LONDON - Britons angry over Iraq have given Prime Minister Tony Blair a drubbing in local elections, relegating his ruling Labour Party to an unprecedented third place.
"It's a bad night for us, but it's not meltdown," Blair's Home Secretary David Blunkett said on Friday. "On Iraq, we are very clear about that -- it has damaged us."
Thursday's local council poll outcome -- likely to be echoed in London mayor results due on Friday night and European Parliament results on Sunday -- will inevitably renew speculation about Blair's leadership.
But analysts still expect him to take Labour to a third general election victory in 2005 despite his humiliation at the polls, the biggest test of public feeling both since the Iraq war and since Blair won a second term in 2001.
With nearly half the results counted by early Friday -- 82 of 166 councils up for grabs -- Labour had lost a net 211 seats, closing in on the overall loss of 400 or more which analysts had projected as a benchmark of seriousness for Blair.
The BBC projected Labour's vote share at just 26 percent, way behind the Conservatives on 38 percent, and also behind Britain's third party, the Liberal Democrats, on 30 percent.
"What you have got is a government that is clearly unpopular but a main opposition party that is not capitalizing," pollster Peter Kellner told Reuters, adding that the Conservatives needed 40 percent to be on course for victory in 2005.
"Blair will not be as shiningly popular as he was in 1997 but I think people will prefer to trust him again."
TIME FOR BROWN?
The Conservatives were in upbeat mood. "It has been Labour's worst electoral performance in living memory and it is the first time that a government has been pushed into third place in mid-term elections," crowed party chairman Liam Fox.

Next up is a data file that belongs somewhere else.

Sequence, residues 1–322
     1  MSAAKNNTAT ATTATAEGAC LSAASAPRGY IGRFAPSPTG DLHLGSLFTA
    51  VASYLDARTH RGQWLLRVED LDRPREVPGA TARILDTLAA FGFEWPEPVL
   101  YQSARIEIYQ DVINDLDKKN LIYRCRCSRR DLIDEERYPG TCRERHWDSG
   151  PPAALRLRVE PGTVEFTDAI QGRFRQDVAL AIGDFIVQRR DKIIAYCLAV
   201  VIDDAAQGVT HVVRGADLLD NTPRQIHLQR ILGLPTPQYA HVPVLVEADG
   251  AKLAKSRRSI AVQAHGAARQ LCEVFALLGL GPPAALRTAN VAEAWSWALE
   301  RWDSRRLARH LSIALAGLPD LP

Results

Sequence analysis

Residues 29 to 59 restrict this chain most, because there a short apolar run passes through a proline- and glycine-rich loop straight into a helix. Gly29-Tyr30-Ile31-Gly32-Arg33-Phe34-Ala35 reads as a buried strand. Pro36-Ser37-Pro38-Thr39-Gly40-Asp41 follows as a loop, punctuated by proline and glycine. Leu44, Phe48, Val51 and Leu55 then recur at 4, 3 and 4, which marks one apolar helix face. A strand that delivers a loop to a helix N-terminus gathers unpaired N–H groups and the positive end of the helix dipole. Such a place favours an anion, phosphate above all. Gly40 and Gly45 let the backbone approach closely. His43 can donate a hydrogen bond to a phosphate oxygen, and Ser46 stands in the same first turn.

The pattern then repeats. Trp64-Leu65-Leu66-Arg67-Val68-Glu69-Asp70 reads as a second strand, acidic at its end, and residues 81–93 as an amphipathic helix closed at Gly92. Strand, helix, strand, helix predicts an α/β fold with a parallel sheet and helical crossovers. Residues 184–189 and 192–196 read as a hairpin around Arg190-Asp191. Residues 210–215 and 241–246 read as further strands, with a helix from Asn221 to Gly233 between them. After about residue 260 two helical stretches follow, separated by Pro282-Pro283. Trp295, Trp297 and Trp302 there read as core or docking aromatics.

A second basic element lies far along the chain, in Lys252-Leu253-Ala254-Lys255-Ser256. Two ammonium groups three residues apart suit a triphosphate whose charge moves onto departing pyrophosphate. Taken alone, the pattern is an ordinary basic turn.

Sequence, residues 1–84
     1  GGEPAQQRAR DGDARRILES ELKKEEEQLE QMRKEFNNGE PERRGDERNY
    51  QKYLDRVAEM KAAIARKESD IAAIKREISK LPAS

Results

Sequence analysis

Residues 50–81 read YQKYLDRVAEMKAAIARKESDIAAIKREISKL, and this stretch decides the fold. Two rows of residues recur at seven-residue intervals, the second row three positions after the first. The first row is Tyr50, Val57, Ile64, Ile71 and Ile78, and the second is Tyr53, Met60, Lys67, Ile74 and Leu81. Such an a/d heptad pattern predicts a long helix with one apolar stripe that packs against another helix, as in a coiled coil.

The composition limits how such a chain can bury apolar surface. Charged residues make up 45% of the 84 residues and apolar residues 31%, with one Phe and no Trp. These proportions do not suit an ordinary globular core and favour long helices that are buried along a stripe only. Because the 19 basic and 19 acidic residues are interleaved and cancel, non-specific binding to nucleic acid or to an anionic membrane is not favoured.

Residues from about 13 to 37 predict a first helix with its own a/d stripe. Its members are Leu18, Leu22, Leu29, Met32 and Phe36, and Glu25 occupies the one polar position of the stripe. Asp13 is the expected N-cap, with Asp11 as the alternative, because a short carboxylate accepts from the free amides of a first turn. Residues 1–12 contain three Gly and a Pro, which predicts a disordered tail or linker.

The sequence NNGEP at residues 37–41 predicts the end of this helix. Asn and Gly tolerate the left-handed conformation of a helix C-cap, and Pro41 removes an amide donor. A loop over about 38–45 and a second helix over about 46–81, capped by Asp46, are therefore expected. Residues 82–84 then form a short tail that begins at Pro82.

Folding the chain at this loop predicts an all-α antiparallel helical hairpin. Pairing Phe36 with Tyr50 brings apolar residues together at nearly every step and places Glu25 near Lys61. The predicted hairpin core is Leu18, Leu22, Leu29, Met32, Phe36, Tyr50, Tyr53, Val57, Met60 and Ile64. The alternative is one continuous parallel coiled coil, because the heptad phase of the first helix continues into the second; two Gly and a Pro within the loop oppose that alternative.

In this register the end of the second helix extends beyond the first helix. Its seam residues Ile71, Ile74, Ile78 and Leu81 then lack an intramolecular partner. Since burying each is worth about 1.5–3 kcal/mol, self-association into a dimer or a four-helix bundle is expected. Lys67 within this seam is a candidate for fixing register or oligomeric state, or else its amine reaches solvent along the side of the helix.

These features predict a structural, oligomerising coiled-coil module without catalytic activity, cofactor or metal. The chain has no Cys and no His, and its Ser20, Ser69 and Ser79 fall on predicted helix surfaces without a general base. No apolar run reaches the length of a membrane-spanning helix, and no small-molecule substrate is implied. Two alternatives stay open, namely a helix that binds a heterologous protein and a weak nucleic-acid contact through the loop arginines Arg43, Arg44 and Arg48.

The message of disillusionment will not be lost on Blair and will undoubtedly heighten calls from some quarters for him to give way to his powerful Chancellor of the Excheckr (Finance Minister) Gordon Brown.
Anticipating Friday's results, Blair has in recent weeks insisted he is "up for" a third general election bid.
And this week's unanimous U.N. resolution on Iraq has given him some respite on an issue that has done nothing but damage to him for the last year.
The Conservatives' showing was dented by their backing of Blair over the invasion of Iraq, and a surge by the hitherto marginal UK Independence Party, which advocates EU withdrawal.
The UKIP picked up its first council seats, in the towns of Derby and Hull. "People are absolutely fed up of Europe," said Hull's UKIP councillor John Cornforth.
A poll for the European Parliament said UKIP -- tapping into Britons' historically suspicious and ambivalent view of Europe -- would win up to 12 of 78 British seats when results for that poll are declared on Sunday night.
The far-right British National Party which had hoped to pick up protest votes, was eclipsed by the UKIP, gaining just one seat in the northern town of Burnley but losing another there, on the early results.
Britain's third party, the Liberal Democrats, benefited from its anti-war stance. "Iraq cast a long shadow across these elections," their leader Charles Kennedy said.
Thursday's turnout was around 40 percent.
Additional reporting by Andrew Cawthorne, Madeline Chambers and Paul Majendie
© Copyright 2004 Reuters Ltd